Tube amplifiers are the preferred type of amplifier for most musicians. However, the price, weight, and maintenance needed usually deter many. These amplifiers are expensive (usually $700 to $2,000), and their weight can be very significant (50lbs – 82lbs, or 20kg – 35kg).
However, the sound of these amplifiers is very coveted by most of us. For the average bassist, the Ampeg SVT is the holy grail of tube amplifiers (sometimes known as valve type). The reason for the great sound is the number of triode stages and the final output power section (a parallel push-pull final stage). Each amplifier section slightly equalizes the sound of the instrument, by boosting the highs and mids of the bass, essentially performing a mild signal processing on the bass.
The amplifier uses 12AX7s, 12AT7s, and 12AU7’s in the input pre-amplifier section. There are four pairs of triode amplification, which are eight pre-amps chained together. This finally drives a six-pair set of power amplifier tubes (either 6146B’s or 6550’s depending on which year the unit was designed).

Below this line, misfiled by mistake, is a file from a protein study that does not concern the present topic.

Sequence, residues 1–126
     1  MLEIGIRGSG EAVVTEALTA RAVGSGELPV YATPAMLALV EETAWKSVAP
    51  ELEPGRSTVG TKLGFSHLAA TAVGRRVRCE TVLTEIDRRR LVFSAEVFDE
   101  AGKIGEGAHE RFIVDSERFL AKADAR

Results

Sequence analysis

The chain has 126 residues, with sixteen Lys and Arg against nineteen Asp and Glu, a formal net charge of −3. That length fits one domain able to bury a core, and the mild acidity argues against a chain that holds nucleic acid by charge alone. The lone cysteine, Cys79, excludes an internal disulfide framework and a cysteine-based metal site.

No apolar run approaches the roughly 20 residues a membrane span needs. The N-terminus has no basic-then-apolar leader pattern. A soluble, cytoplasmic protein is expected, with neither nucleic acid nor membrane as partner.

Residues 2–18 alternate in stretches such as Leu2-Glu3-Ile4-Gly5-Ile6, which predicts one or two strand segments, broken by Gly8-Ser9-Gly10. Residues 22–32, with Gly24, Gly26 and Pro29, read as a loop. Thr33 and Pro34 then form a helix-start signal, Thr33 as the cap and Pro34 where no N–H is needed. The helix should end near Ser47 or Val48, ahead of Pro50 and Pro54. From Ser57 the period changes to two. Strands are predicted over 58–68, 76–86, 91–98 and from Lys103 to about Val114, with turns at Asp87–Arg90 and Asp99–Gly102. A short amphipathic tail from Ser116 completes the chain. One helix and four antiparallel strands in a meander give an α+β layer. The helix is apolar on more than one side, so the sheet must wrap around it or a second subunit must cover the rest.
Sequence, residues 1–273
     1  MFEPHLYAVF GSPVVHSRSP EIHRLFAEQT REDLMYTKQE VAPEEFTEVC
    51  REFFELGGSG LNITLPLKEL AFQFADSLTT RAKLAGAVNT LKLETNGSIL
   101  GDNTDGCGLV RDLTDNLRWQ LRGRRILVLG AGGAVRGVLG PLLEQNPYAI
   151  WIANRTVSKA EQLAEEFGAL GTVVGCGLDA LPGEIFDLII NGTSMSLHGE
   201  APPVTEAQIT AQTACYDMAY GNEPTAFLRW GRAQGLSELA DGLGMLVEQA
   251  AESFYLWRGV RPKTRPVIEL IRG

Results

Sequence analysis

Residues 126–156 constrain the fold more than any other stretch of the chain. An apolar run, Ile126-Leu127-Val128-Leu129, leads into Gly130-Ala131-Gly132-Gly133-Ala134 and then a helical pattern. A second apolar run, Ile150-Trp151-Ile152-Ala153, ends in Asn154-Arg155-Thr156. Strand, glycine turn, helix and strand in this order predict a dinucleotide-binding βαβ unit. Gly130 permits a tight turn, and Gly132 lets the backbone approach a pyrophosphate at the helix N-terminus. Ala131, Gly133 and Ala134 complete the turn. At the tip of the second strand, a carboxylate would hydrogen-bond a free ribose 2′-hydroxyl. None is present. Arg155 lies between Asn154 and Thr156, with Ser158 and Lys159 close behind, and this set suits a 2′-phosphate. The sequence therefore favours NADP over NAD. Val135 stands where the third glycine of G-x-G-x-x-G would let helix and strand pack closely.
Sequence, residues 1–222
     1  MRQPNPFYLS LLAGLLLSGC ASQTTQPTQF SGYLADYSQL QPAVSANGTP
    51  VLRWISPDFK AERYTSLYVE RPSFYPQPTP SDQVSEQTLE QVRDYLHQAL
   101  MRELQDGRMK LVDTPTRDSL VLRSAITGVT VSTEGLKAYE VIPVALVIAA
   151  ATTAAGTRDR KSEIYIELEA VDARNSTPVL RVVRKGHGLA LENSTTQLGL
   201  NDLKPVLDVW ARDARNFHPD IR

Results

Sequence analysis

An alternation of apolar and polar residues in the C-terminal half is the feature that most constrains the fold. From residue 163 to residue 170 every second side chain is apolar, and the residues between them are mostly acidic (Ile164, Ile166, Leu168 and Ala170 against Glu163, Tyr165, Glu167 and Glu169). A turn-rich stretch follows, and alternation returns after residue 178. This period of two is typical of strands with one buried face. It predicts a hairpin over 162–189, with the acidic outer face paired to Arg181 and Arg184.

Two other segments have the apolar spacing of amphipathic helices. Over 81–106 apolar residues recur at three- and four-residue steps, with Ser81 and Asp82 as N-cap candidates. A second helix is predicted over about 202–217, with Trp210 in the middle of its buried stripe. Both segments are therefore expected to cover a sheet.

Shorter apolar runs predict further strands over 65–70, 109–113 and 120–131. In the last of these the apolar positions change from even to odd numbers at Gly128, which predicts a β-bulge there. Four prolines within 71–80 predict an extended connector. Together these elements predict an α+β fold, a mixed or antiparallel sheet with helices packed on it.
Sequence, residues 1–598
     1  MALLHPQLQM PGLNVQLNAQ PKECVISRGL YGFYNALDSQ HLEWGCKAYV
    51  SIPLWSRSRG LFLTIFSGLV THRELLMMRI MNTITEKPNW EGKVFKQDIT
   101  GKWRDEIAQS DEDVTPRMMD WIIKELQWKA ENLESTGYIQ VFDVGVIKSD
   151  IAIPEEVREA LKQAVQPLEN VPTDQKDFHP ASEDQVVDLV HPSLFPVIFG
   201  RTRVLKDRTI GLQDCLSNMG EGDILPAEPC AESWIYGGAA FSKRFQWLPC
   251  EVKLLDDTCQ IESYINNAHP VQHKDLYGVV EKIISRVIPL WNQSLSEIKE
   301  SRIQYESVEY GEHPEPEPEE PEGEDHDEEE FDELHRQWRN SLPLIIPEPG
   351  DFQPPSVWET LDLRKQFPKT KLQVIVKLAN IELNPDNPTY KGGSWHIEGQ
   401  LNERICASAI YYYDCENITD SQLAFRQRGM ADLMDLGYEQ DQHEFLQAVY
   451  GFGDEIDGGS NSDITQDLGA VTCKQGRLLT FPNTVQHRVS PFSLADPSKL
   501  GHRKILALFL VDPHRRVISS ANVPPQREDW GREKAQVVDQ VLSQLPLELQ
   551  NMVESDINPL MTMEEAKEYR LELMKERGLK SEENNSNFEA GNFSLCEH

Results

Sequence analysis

The driver section is the push-pull amplifier stage which then drives a quad tube set of push-pull in the parallel set. The result is a power amplifier operating in a class AB condition and driving a large audio transformer for 300 watts of clean power. The sound of the bass goes through eleven tube amplifier stages in the process.
This is the main reason for the great sound of this amplifier. Having played through a couple of these amps in the past I can attest to how great the sound is. Also, it should be remembered that the amplifier is usually coupled with eight 10-inch speakers.
The cabinet is really four cabinets with two 10-inch woofers in each box. These are in an infinite baffle design, which results in a very tight and clean sound. The speaker surface area is equivalent to two 20-inch woofers. A nice wall of sound for most needs.
The Ampeg SVT Classic sold today has the same basic tube preamplifier section, but uses MOSFETs (a type of solid-state transistors) for the final output section. This yields an output of 450 watts. MOSFETs do have a capacitive property and color the sound somewhat as a tube does, but not as much as tubes will. However, most of the sound-like quality is still present in this amplifier.
The highest wattage amp, that I am aware of, is the Trace Elliot all-tube amplifier, at 400 watts.
Check the Resources page for locations to purchase tube amplifiers.